Time to Be Fair and Get Serious About Climate: Lucrative, Century-Old Oil and Gas Tax Preferences Must End

We have known for a long time that burning fossil fuels and releasing greenhouse gases such as carbon dioxide and methane into the atmosphere drives the process of climate change. Now we are witnessing the devastating impacts of climate change in the form of intensifying hurricanes, wildfires, flooding and drought. These crises not only cost our economy billions in damages every year, but they also cost taxpayers billions when the federal government is called on to finance emergency disaster and recovery efforts year after year.

It is stunning then, if not surprising, to watch one industry at the root of climate change – one of the most profitable in the world – blanketing the airwaves and newspapers with complaints that they are being singled out by lawmakers as they search for revenue-raisers in the reconciliation package. And that they are hurting to boot. C’mon – they’ve got money to burn.

My organization recently did some analysis of what we call the political footprint of the oil and gas industry — and as you might imagine, it is pretty big. Oil and gas companies fielded a team of almost 700 lobbyists last year, spending $113 million to influence federal lawmakers and the administration, plus $139 million in campaign contributions during the last election cycle, according to In the wilderness of Washington, they are a sasquatch.

Add to this massive media budgets for advertising, sponsored astroturfing and industry groups, social media blitzes – you name it – and it is easy to understand how the oil and gas industry has maintained its dominance in energy markets and created a smoke-and-mirrors campaign around climate change. And now its members are poised to seize another financial and policy victory: preserving their century-old tax breaks.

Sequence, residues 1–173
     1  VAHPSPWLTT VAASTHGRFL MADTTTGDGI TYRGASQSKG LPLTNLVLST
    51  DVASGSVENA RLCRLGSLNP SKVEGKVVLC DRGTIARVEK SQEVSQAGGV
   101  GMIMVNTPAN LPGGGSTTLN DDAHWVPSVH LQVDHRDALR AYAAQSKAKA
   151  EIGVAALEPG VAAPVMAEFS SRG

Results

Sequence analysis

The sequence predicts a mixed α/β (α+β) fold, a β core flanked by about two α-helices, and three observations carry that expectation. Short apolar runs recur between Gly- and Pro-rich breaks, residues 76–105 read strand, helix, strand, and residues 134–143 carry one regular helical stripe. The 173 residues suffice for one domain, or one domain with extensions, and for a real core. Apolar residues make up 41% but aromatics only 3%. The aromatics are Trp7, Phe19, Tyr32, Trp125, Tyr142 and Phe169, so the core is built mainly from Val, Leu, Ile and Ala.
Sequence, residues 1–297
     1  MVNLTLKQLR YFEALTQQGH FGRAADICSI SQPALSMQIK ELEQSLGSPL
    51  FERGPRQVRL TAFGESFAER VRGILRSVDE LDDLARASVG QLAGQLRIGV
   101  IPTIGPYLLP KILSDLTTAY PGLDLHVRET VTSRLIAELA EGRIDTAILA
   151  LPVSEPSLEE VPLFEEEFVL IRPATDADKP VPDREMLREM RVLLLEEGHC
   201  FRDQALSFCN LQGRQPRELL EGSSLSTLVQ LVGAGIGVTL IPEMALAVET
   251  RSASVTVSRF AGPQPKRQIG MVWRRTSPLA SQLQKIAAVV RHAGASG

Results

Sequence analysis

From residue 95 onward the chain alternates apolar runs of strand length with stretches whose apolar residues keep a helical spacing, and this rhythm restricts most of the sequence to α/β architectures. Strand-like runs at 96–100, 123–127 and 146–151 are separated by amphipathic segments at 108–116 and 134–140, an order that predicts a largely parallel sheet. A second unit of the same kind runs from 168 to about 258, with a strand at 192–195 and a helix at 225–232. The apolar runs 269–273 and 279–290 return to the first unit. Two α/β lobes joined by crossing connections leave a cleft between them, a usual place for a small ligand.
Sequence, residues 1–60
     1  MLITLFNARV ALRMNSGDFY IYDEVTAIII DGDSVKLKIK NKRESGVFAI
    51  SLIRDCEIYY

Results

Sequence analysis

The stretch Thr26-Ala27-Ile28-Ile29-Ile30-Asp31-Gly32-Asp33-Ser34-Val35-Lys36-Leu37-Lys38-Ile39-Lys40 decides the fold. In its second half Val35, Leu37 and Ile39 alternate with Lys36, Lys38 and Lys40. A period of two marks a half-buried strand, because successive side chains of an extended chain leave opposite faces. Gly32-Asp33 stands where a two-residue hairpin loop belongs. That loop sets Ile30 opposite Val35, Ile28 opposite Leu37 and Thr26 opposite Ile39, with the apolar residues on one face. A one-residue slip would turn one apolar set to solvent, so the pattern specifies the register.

One good example is the Intangible Drilling Costs tax deduction, which dates back to 1916. The ability to expense these IDCs is just one item on a menu of preferential tax treatments the industry has enjoyed for decades, a tax break that lawmakers are now considering repealing as a revenue-raiser to offset infrastructure spending. This is one of many proposals designed to reduce future taxpayer spending on climate change.

The oil and gas industry contends that the IDC deduction is the same as the “research and experimentation” credit available to other industries, but that simply isn’t true. Thanks to the IDC deduction, oil companies cut billions from their taxes every year for things like building oil rigs, which does not necessarily meet the definition of research and experimentation. Manufacturing companies cannot immediately deduct the costs of building factories.

The good news is some policymakers in Washington are considering pulling the plug on the litany of tax preferences as part of an effort to combat climate change and raise more revenue to pay for responding to its effects. Of course, the oil and gas industry is crying foul, pulling all the levers at its disposal.

But the reality is that the oil and gas industry is doing just fine. Second-quarter earnings reports of the top 20 U.S. oil and gas production companies measured by their market capitalization show they were more profitable this year than in the same period in 2019, before the pandemic began. ExxonMobil and Chevron posted combined profits of approximately $8 billion for just three months.

Context is important. Federal taxpayers are going to spend tens of billions of dollars this year, and next year, and the year after, on recovery efforts from intensifying natural disasters across the country. And unless we do something, our efforts to curb climate change will be undercut by our inability to eliminate wasteful and harmful subsidies and our reluctance to require industry to shoulder its own costs and liabilities. Oil and gas industry subsidies are survivors: They avoided major tax reforms like the one in 1986 that wiped out other generous. This is an opportunity to actually rein in a century-old abuse of taxpayers. Unless we do this, we continue to perpetuate an unfair and uneven playing field that not only costs taxpayers, but also jeopardizes future solutions.


Steve Ellis is the president of Taxpayers for Common Sense, a national nonpartisan budget watchdog based in Washington, D.C.

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